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Diello v. Potter

March 16, 2010

NANCY DIELLO, PLAINTIFF,
v.
JOHN E. POTTER, POSTMASTER GENERAL, UNITED STATES POSTAL SERVICE, DEFENDANT.



The opinion of the court was delivered by: David G. Larimer United States District Judge

DECISION AND ORDER

Plaintiff Nancy Diello ("Diello") brings this action against her employer, John E. Potter, Postmaster General of the United States Postal Service ("USPS"), alleging that the USPS denied her a promotion on the basis of age and/or retaliated against her for filing administrative complaints, all in violation of the Age Discrimination in Employment Act, 29 U.S.C. §621 et seq. ("ADEA"). Discovery is now completed and the USPS moves for summary judgment dismissing the Diello's claims (Dkt. #15). For the reasons that follow, the USPS's motion for summary judgment is granted, and the complaint is dismissed.

FACTUAL AND PROCEDURAL BACKGROUND

Plaintiff was initially hired by the USPS in 1979. Between 1996 and 2000, Diello filed five separate EEOC charges against the USPS. On April 2, 2005, Diello was promoted to the position of Postmaster, level EAS-18, at the Newfield, New York Post Office.

On February 27, 2007, a vacancy announcement was posted for the position of Postmaster, EAS-20, in the Corning, New York Post Office. Diello, then age forty-nine, applied for the position, as did Postmaster Thomas King (age 36, level EAS-16), Postmaster Daniel Leonard (approximately age 45, level EAS-18), and Postmaster Eileen Bernitt (age 54, level EAS-18).

The individual responsible for filling the Corning Postmaster position was Joseph Kusiak, Manager of Post Office Operations for USPS's Western New York District. Kusiak was 54 years old at the time. Kusiak testified that after reviewing the USPS selection guidelines and considering each of the applicants' interviews, application materials, experience and recent performance, he determined that King was the applicant who was best qualified for the position. Diello denies that King was the best applicant, and contends that her superior number of years of experience with the USPS (28 years, compared with King's thirteen years) should have been determinative.

After pursuing a complaint of age-related discrimination arising out of her non-promotion with the Equal Employment Opportunity Commission ("EEOC") and otherwise exhausting her administrative remedies, Diello timely filed the instant action on April 11, 2008.

DISCUSSION

I. Summary Judgment in Discrimination Cases

Summary judgment will be granted if the record demonstrates that "there is no genuine issue as to any material fact and that the moving party is entitled to a judgment as a matter of law." Fed. R. Civ. P. 56(c); see also Anderson v. Liberty Lobby, Inc., 477 U.S. 242, 247 (1986). Although courts are appropriately wary of granting summary judgment in cases where motive, intent or state of mind are at issue, a common component of discrimination actions, see Dister v. Cont'l Group, Inc., 859 F.2d 1108, 1114 (2d Cir. 1988); Montana v. First Federal Savings and Loan Ass'n of Rochester, 869 F.2d 100, 103 (2d Cir. 1989), "the salutary purposes of summary judgment -- avoiding protracted, expensive and harassing trials -- apply no less to discrimination cases than to... other areas of litigation." Meiri v. Dacon, 759 F.2d 989, 998 (2d Cir.1985).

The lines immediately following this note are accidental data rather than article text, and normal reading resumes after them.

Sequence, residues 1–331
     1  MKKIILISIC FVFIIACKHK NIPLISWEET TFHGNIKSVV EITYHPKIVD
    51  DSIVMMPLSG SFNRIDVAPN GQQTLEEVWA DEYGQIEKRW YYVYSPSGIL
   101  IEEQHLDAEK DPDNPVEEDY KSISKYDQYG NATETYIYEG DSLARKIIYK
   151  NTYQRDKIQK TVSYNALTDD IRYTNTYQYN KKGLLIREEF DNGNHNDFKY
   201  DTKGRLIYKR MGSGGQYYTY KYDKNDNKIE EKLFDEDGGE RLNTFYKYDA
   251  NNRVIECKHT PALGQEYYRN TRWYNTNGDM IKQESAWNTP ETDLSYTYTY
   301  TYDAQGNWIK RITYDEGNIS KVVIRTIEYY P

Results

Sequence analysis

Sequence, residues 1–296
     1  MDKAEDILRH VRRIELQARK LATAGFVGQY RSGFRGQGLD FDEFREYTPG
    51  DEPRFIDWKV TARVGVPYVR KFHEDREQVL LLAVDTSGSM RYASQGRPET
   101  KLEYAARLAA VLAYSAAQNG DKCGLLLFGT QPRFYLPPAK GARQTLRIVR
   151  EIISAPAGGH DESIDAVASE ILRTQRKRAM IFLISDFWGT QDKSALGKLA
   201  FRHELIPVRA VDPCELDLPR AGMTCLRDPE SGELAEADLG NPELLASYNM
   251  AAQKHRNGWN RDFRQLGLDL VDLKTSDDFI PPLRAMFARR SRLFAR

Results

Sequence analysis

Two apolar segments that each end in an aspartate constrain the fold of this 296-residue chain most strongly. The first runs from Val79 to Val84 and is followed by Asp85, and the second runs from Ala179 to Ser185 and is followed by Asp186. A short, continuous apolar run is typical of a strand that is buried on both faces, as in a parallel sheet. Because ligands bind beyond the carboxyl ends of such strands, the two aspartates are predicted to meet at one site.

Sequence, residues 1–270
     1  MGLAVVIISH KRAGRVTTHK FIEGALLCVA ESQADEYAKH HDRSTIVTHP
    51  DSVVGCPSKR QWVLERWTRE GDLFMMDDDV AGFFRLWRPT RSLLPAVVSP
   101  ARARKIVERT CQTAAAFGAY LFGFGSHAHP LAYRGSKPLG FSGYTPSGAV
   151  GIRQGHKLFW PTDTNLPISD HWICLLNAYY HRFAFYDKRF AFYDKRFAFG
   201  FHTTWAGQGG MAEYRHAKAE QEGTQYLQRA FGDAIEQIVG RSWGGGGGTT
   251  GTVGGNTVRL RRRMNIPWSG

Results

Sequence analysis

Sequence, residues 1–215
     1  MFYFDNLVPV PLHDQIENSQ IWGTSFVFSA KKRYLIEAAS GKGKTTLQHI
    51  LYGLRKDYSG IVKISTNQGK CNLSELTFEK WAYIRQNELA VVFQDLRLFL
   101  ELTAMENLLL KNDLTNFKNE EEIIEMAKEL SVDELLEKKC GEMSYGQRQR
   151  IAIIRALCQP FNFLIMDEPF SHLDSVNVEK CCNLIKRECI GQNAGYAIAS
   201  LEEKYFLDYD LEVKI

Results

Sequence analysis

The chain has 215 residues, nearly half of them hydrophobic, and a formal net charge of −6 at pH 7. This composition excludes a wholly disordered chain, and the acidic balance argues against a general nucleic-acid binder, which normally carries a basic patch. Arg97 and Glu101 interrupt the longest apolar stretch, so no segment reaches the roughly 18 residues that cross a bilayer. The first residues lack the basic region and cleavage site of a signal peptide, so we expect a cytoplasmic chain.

Diello's claims of employment discrimination are subject to the burden-shifting analysis articulated in McDonnell-Douglas Corp. v. Green, 411 U.S. 792 (1973). First, Diello must establish a prima facie case of discrimination by demonstrating: (1) membership in a protected class; (2) satisfactory job performance; and (3) an adverse employment action, occurring under (4) circumstances giving rise to an inference of discrimination. See Collins v. New York City Transit Authority, 305 F.3d 113, 118 (2d Cir. 2002). In the age discrimination context, such circumstances include those where a plaintiff was "fired in favor of the retention of younger persons or was fired and replaced by younger persons." Pirone v. Home Ins. Co., 559 F. Supp. 306, 309-310 (S.D.N.Y.), aff'd, 742 F.2d 1430 (2d Cir. 1983). Once Diello has established a prima facie case of discrimination, the burden shifts to the USPS to articulate a legitimate, nondiscriminatory reason for its actions. See James v. New York Racing Ass'n, 233 F.3d 149, 154 (2d Cir. 2000). The burden then returns to Diello, to supply evidence that the legitimate, nondiscriminatory reason offered by the USPS is a pretext, and that the true reason for its actions was discriminatory. See St. Mary's Honor Center, 509 U.S. 502, 508 (1993).

While granting Diello the liberal interpretation and favorable inferences due to her as the non-movant, I find that she was failed to establish a prima facie case of retaliation, and with respect to her discrimination and retaliation claims, cannot rebut the USPS's legitimate, nondiscriminatory reason for selecting a different candidate for the Corning Postmaster position.

II. Diello's "Discriminatory Failure to Promote" Claim

A plaintiff alleging an adverse employment action based on age-based discrimination must initially show: (1) that she is within the protected class; (2) that she is qualified for the position for which she applied; (3) that she was not awarded the position; and (4) that a younger individual was instead selected. See generally Owens v. New York City Housing Auth., 934 F.2d 405, 408-409 (2d Cir. 1991). Once the prima facie showing is made, the employer bears the burden of demonstrating legitimate non-discriminatory reasons for the discharge. If the employer is able to demonstrate such reasons, the burden again shifts to the employee to show that the articulated reason is pretextual. I find that Diello has sufficiently demonstrated that she was qualified for the Postmaster position, and that another, ...


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